The adoption of bell ringing provided the Byzantines – in this occasion, a monk – with further opportunities for artistic and religious patronage, even though Theodosios surely funded the recast of an already existing bell. On the other hand, the inscription does not include the name of the bell master. Actually, so far no Byzantine bell founder is known through his/her signature.

Because of the language of the inscription the bell has recently been attributed to a Byzantine craftsman. Nonetheless, the artifact was cast with a type of crown found in earlier Western bells. This feature does not necessarily prove that the artifact was cast by a Western master, but it could suggest that local bell founders had copied Western models or had been trained by Westerners. Certainly, the adoption of bell ringing by the Orthodox communities of the Balkans resulted in the emergence of a local production of bells; however, the available information regarding this manufacture in the Byzantine Empire is currently scant.

Written and material evidence demonstrates that several bell founders – Pribislav Radosalić, Radoje Mališić, a certain Benedeto, and Giovanni Battista of Rab – were active in Ragusa/Dubrovnik between the 14th and 16th centuries. The latter also cast cannons. Their presence seems to have turned the city into the most important bell casting center in the Balkans. Bell founders based there may have traveled inland to cast artifacts in situ.

By contrast, Serbian and Byzantine monasteries also employed bells cast in Venice. This suggests that local bell founders did not cover the demand from churches and monasteries, and so production was sought in different areas. Alternatively, it might simply show that bells cast in Venice were better, cheaper, or easier to obtain.

The Ottoman conquest prohibited the ringing of bells and so any local production of bells eventually faded. Bell casting was only available in vassal states of the Ottoman Empire such as the Republic of Ragusa and the principalities of Moldavia and Wallachia. Venetian bells continued to be imported, for instance, to Mount Athos, one of the few privileged locations allowed to use bells during the post-Byzantine period.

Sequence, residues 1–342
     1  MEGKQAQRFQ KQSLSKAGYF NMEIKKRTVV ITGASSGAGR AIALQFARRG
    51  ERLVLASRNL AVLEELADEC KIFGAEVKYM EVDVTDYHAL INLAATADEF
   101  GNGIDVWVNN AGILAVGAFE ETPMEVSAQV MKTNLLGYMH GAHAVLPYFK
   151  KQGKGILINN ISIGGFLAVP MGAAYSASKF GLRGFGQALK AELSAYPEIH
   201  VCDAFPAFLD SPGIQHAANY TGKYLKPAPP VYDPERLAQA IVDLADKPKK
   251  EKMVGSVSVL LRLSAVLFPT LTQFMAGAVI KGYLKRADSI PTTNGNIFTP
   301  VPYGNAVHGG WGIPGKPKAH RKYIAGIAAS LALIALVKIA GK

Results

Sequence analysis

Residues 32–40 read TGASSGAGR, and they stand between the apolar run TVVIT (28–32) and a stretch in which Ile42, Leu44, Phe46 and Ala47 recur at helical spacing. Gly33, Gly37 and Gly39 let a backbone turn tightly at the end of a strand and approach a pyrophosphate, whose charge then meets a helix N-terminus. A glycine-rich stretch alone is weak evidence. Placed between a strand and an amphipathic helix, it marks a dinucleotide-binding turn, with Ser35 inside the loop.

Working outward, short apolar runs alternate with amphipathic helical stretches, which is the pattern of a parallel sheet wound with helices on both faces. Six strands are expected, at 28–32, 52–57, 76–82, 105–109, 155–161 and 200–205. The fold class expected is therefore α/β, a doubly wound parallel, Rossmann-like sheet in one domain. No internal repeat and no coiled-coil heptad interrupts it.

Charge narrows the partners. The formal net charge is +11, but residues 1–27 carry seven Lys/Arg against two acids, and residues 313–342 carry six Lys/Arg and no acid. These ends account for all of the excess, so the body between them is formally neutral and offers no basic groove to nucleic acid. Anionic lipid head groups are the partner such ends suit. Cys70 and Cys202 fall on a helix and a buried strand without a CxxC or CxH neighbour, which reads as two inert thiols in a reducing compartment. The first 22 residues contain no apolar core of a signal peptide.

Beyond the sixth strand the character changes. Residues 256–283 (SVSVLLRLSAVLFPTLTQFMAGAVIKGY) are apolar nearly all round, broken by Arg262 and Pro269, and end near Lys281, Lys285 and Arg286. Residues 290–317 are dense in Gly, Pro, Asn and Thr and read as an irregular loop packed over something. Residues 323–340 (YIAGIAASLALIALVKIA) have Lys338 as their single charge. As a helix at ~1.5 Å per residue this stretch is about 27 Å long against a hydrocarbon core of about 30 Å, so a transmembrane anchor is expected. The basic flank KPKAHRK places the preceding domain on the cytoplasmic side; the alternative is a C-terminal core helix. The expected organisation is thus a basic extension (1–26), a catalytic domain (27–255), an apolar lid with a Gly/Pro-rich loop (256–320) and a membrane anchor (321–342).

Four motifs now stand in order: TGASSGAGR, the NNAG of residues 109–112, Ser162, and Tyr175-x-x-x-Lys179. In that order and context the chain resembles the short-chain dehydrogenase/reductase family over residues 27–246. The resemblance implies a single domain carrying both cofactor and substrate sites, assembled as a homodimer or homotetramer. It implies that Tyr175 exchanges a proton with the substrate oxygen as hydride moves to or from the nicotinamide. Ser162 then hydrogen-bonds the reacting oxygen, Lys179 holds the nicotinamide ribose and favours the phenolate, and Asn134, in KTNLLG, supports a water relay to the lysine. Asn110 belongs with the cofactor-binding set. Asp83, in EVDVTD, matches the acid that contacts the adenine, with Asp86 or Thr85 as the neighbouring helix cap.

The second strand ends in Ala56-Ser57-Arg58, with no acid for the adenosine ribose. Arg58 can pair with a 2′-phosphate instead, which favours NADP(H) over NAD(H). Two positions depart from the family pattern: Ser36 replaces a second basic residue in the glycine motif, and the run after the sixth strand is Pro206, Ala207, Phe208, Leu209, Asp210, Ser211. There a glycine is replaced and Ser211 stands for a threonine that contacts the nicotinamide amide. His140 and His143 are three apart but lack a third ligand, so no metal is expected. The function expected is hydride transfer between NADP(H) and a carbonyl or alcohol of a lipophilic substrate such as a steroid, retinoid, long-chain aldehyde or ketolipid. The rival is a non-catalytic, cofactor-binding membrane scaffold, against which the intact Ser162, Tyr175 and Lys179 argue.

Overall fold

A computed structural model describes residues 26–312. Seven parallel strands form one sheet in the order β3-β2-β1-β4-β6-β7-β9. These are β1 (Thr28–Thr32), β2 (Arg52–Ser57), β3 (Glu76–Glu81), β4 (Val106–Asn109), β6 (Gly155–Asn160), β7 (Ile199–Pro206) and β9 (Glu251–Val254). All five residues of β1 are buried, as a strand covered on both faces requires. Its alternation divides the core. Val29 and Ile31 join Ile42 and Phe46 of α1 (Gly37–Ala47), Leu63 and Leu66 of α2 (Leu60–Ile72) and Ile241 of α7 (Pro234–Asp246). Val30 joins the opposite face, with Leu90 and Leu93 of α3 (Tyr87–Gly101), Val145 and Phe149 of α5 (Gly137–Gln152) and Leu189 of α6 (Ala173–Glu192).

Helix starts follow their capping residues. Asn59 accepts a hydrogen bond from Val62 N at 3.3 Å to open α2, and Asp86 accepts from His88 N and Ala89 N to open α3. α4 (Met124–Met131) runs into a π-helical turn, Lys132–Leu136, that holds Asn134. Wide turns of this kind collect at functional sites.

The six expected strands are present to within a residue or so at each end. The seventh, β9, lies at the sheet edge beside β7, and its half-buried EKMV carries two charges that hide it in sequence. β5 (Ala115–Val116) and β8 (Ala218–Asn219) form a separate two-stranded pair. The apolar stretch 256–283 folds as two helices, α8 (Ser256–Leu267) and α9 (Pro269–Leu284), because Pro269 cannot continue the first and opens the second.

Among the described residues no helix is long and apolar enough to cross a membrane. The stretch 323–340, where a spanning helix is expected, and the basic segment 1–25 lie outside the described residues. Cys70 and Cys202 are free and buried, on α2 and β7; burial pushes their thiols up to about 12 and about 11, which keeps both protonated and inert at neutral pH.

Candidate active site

Further Reading

Gerasimova, Vasilka. “Dve kambani ot Melnik s nadpisi ot XIII v.” (Two Bells From Melnik With Inscriptions From the 13th Century), Arheologiya 43, no. 3 (2003): 42–49.

This article presented the two bells from Melnik after they were discovered in 2002. It provides details, such as measurements and inscriptions, and pictures of the two artifacts.

Sharankov, Nicolay. “Notes on Ancient and Medieval Latin and Greek Inscriptions From Bulgaria.” Archaeologia Bulgarica 13 (2009): 47–61.

The author reevaluates the inscriptions on the two bells found in Melnik and corrects the errors in the publication by Gerasimova.

Nesheva, Violeta. Melnik: Bogozidaniyt grad (Melnik: God-Masoned Town). Sofia: Ivray, 2008.

This study looks at the architecture and material culture of Melnik. The author argues that Hieromonk Theodosios was the monastic name of Theodore Komnenos Kantakouzenos, who is mentioned in Athonite manuscripts.

Miljković, Bojan. “Semantra and Bells in Byzantium.” Zbornik Radova Vizantološkog Instituta 55 (2018): 271–303.

The work focuses on the use of semantra and bells in the Byzantine Empire. The bell of Hieromonk Theodosios is attributed to a Byzantine craftsman.

Rodriguez Suarez, Alex. “Bells and Bell Ringing in Medieval Serbia and Bulgaria.” Études balkaniques 57, no. 3 (2021): 453–504.

This publication analyses eleven medieval bells preserved in Bulgaria, Montenegro, and Serbia/Kosovo.

This contribution was sponsored by the Mary Jaharis Center for Byzantine Art and Culture at Hellenic College Holy Cross.

Alex Rodriguez Suarez, "The Bell of Hieromonk Theodosios," Mapping Eastern Europe, eds. M. A. Rossi and A. I. Sullivan, accessed June 3, 2023,